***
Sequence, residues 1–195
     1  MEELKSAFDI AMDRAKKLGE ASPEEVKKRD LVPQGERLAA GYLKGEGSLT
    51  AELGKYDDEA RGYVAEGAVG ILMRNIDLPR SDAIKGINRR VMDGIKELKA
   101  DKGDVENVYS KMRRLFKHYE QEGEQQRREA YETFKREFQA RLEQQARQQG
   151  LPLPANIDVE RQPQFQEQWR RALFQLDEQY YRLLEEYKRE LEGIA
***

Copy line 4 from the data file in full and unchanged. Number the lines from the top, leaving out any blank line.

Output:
   101  DKGDVENVYS KMRRLFKHYE QEGEQQRREA YETFKREFQA RLEQQARQQG